I have provided an image below that helps demonstrate what active isolation works to achieve.

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    For all price and product information related questions, please send me an email via reid@herzan.com. I don't want this thread to be considered a solicitation, moreover, an understanding of what is used and peoples approaches/ideas to combatting vibrations. If there is room for me to help, I will gladly do so.

    Best,

    Reid Whitney

  6. #6
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    I use a bunch of things. My rack is a QSC with solid Maple legs, composite shelves and pin/cup between shelves. This greatly improved with Herbies pucks under the pins that contacted the floor. I've used several different footers for various components including DIY varying the compliance of materials. I like anything with a spinning disc TT,CDP to sit on a ball to allow lateral dissipation. I don't like anything with a point from testing several. My CDP now sits deflex pads then on a 3" oak slab with springs under it and about ten pounds of weight atop it on Deflex as well. Best sound yet.


    E
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  7. #7
    Industry Expert Senior Member MtnHam's Avatar
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    I use Stillpoints thorough-out my system. They have provided an amazing, jaw dropping improvement in the sound. I started the process on a limited basis, and expanded their use as the improvement was not subtle. Each addition has achieved more, as impressive as a component upgrade, while not changing the basic nature of the system.
    I believe this is mainly due, not so much from external vibrations, but to the dissipation of internally generated vibration in transformers, etc.
    Tom
    Ultimate Audio
    SoundLab Dealer



    Speakers: SoundLab U-1PX Amps: Ayre KX-R Twenty pre, Pass Labs X-260.8 monos, ARC REF PH2SE phono. Digital:Lumin A-1 NAS Music Sever, Estoteric K-03 SACD Player Analogue: SME 20/2 table, SME V arm, Koetsu Rosewood Signature, Minus-K BM-8 under TT. Power&PC's: 3 Dedicated AC lines, Shunyata Triton v2, 3 Typhons, Alpha & Sigma PC's. IC's: Skywire XLR, Teo speaker cables. Tweeks: Stillpoints under everthing, except TT, DIY cable lifters. Klaudio RCM.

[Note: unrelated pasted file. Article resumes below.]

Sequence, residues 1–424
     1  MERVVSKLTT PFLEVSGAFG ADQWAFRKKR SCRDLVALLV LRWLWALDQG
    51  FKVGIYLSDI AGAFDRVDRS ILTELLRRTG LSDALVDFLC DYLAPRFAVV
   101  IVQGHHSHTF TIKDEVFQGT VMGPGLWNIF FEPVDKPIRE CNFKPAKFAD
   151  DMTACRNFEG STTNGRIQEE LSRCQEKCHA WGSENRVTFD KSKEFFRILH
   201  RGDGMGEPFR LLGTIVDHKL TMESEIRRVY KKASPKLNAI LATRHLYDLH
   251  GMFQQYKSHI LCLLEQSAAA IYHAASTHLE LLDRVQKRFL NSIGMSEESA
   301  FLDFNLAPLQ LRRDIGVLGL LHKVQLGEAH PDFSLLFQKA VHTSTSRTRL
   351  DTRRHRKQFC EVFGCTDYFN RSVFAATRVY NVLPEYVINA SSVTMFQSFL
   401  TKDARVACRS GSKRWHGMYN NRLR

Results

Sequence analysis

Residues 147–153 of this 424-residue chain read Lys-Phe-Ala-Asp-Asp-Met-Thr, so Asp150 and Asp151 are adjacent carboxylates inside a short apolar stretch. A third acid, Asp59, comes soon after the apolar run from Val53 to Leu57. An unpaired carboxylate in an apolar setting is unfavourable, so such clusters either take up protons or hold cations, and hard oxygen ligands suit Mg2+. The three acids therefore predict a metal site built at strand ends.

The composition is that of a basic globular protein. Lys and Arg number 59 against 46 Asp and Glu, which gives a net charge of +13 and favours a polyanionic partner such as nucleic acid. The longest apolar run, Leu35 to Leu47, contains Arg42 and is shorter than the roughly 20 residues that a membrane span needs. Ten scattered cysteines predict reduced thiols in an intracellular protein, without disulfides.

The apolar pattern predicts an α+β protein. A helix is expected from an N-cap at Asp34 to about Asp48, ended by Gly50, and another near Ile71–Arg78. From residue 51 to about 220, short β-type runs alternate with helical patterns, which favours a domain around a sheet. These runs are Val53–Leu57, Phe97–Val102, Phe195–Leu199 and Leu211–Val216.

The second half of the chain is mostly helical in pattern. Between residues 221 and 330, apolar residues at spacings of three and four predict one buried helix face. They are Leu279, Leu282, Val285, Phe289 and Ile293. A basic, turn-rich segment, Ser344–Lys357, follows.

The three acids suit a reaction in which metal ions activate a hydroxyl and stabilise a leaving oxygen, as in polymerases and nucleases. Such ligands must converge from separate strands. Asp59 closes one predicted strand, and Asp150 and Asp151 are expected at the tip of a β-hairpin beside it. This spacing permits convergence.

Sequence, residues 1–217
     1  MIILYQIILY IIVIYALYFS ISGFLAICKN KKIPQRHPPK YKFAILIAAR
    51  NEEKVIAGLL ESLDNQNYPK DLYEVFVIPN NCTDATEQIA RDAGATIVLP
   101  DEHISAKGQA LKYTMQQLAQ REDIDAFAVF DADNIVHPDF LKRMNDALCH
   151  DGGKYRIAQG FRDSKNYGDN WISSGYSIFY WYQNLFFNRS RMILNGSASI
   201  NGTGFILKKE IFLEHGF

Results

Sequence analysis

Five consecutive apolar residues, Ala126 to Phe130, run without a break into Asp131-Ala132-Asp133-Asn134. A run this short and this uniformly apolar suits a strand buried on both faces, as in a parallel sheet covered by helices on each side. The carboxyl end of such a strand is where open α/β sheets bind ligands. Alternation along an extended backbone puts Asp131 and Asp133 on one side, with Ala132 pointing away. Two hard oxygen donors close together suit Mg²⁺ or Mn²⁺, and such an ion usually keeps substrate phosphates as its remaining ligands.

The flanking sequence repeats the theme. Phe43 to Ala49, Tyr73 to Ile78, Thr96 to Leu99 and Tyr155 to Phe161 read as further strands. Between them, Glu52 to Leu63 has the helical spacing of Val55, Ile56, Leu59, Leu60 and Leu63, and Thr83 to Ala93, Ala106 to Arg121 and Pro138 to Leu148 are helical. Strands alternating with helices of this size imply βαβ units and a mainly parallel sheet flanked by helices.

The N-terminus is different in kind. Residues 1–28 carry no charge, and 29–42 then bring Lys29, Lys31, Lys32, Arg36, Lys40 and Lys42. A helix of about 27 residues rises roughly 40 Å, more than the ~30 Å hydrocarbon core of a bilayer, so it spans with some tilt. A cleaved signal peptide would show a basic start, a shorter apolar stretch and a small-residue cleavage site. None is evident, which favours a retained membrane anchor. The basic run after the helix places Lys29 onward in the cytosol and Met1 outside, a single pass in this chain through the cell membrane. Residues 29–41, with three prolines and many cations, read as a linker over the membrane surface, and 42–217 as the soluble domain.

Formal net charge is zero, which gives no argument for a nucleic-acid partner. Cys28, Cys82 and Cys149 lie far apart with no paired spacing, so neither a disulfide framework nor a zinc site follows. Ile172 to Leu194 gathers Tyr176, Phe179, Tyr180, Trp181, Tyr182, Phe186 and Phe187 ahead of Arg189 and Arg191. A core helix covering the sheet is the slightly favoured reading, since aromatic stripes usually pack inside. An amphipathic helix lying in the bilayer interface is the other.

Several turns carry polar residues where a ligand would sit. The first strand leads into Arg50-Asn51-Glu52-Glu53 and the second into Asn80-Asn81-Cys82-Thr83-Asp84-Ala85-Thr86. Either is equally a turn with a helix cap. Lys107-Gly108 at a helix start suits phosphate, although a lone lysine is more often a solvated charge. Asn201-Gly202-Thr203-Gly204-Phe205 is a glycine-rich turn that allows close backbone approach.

8. #8
    [Industry Expert] Addicted to Best! DaveC's Avatar
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    I use mostly Herbie's Audio Lab iso-ball devices for my components and Isoacoustics stands for my subwoofers and speakers.

    Like most things in audio the results of vibration isolation are subjective. Many people, myself included, find that it's possible to overdamp some components or that the damping provided by viscoelastic devices of lower durometer can have undesirable effects. One thing for certain is that damping has a large effect on the sound of an audio system.
    Industry Affiliation:
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  9. #9
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    Hi Reid,

    In regards to turntables, I understand how the Herzan may work for mechanical vibration coming up through the rack/table. How is the airborne vibration mitigated in relation to how it reacts to the tonearm/cartridge?
    Bruce A. Brown
    Puget Sound Studios
    Stereomojo reviewer
    Seattle, WA


    Even a blind squirrel gets a nut once in a while!

  10. #10
    VIP/Donor [VIP/Donor] jfrech's Avatar
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    I'm using Grand Prix Audio Silverstone F1 racks. Interesting that most of us are using passive designs...at least those that have posted so far...
    Speakers: Rockport Altair 2
    Preamp: Robert Koda K10
    Amp: Nagra HD Amps
    Cables: Transparent Opus Gen 5 & Magnum Opus phono
    Power Transparent Opus, Opus Source Power Cords & Opus Power Isolators
    Power Shunyata DPC-6 v2
    Digital dCS Vivaldi full stack w/ Transparent Reference XL Digital cables
    Phono: Grand Prix Monaco TT, Spiral Groove Centroid, Clearaudio Goldfinger Statement v2, Nagra VPS/VFS/MPS
    Racks: Grand Prix Audio Silverstone F1